Support Stations Can Foster Student Independence and Reduce Frustration!

NGSS-style instruction can be full of challenges unique to this inquiry or discovery-oriented approach.  One major challenge for NGSS teachers is that learning is occurring through a “figuring it out” or “puzzling it out” process.  That means that students are going to experience frustration. There is no way around it.  And we all know that when students get frustrated, behavior sometimes suffers.  Obviously, relationship-building can help students deal with this frustration.  But beyond using relationships to deal with the frustration you can’t avoid, there are some things you can do to help prevent students from reaching a level of “struggle” that results in that acting out or shutting down.

Solution Stations or Support Stations are one way to do this. 

A Support Station is a “place” (quotation marks here, because it does not need to be physical) where students can find help when they get stuck.  Support Stations can vary in the level of help students receive a Support Station can provide complete answers, partial answers, no answers at all but just tips or tricks (things to try out, things to observe, information that might be helpful, etc.)

I have used different types of Support Stations – and I’ll describe these in a moment – but I want to emphasize that no matter what approach you use you will need to have clear procedures that outline how students access and use the Support Station. And like all procedures, you will need to teach students these procedures and remind them regularly.

 

So how can you use Support Stations?

Support Stations can be a physical location where students can find help again, in the form of an answer key, partial answers, or tips and tricks.  If you are providing an answer key, I would recommend part of your procedure include EITHER that students leave all materials at their desk when visiting the Station (they can only check the answer and then return to their desk to complete the work based on what they remember), OR students record any changes to their answer in another color so you can see the original effort and response. 

Additional procedures related to Support Stations to consider may be the process for accessing (do they go independently or must they ask your permission?), is there a certain number of times they can visit?, how many students at the Station at a time (I would recommend keeping this to one or two, max), and how do these procedures change when its individual versus group work (can any and all students visit or is just one designated per group?)

Support Stations could even simply be these resources at the center of your stations.  I have had classes that I preferred did NOT leave their seats during group work. They struggled to remain on task when given the opportunity to wander, and we were moving quickly through stations.  To provide support without devolving into chaos, I created Support Station Folders with the same answer keys/partial keys/tips and tricks.  Students were either able to access the key when they were ready or on my cue (it varied), but either way, any corrections had to be made in a different color pen or pencil.  I always instructed them to leave their original answer – they could draw a line through it if they wanted, but I wanted to be able to see their original ideas.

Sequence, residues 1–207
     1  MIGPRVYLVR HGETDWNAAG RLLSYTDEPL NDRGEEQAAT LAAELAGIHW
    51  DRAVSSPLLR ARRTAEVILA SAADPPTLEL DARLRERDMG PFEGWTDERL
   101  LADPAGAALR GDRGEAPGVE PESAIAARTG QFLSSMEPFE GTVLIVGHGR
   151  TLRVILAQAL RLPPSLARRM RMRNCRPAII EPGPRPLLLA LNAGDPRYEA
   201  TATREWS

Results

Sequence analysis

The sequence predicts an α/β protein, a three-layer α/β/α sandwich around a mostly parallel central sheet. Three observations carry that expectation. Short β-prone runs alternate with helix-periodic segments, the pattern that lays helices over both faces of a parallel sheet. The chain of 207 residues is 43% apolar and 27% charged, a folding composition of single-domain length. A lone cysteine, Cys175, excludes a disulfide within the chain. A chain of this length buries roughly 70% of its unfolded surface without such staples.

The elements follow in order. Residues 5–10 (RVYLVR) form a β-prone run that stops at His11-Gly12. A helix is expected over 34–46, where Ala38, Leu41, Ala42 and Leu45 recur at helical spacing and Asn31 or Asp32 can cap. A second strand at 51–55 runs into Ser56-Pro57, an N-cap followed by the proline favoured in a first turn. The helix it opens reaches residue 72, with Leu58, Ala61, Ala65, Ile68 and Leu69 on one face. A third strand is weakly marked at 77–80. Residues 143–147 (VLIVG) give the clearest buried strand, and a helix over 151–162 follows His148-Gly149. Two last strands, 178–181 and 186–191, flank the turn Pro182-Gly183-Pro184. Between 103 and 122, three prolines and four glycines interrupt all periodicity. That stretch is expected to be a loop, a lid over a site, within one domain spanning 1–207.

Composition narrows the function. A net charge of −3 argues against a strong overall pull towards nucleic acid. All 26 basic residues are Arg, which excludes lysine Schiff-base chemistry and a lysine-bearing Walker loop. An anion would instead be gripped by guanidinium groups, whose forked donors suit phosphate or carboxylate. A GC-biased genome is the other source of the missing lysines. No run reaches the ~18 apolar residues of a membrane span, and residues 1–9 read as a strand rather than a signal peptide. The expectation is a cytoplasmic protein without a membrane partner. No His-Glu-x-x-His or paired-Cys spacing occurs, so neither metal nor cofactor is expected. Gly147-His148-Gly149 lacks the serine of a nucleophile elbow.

Lastly, Support Stations could be digital resources. Perhaps you provide a QR code or a website that could help students puzzle it out, maybe it’s a list of steps to move through or a few questions to consider, or maybe it’s an answer key.  Either way, if you have access to technology, you could create digital Support Stations to help students when they get stuck. Again, you will want to have a system to regulate this and keep students from abusing the help you are offering. 

 

Final Thoughts

Support Stations are for those moments when students really need some help – they aren’t a way around the “puzzling it out.” It’s important students recognize this and use the resources you have provided appropriately. (And the procedures you establish can help with that!)

 

Are you implementing the NGSS? Are you in desperate need of support? 

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If you are anything like me, transitioning to the NGSS can be totally overwhelming.  Teaching is hard as it is – you’re busy keeping up with the “normal” lessons day to day and week to week, plus grading, meetings, IEPs, behavior management, so on and so forth. I get it. Who has the time or energy to figure out all that goes into these new standards and their impact on your curriculum, let alone what it means for your teaching!

Well, I’m happy to say there IS an easier way. You don’t HAVE to muddle through everything, and you definitely don’t have to do it alone!

Imagine feeling confident that the curriculum you designed is actually aligned to the standards, that your units incorporate the three dimensions and engage your students in Science and Engineering Practices that matter. Imagine classes full of students who take ownership of their learning, who thrive on “figuring it out” and “puzzling through it” and come to learn the content through discovery.  Imagine days where you DON’T have to stand in front of the class, battling for their attention, delivering boring lectures and notes, printing worksheet after worksheet, and wasting tons of time on review and reteaching — only to have your students fail to perform anyway. Imagine learning that sticks, and engaging activities (that you may already be doing!) but that lead to true understanding.  It’s not magic, and it doesn’t necessarily come easy, but it IS possible.  

Learn more at the Science Teacher Tribe Course and Community.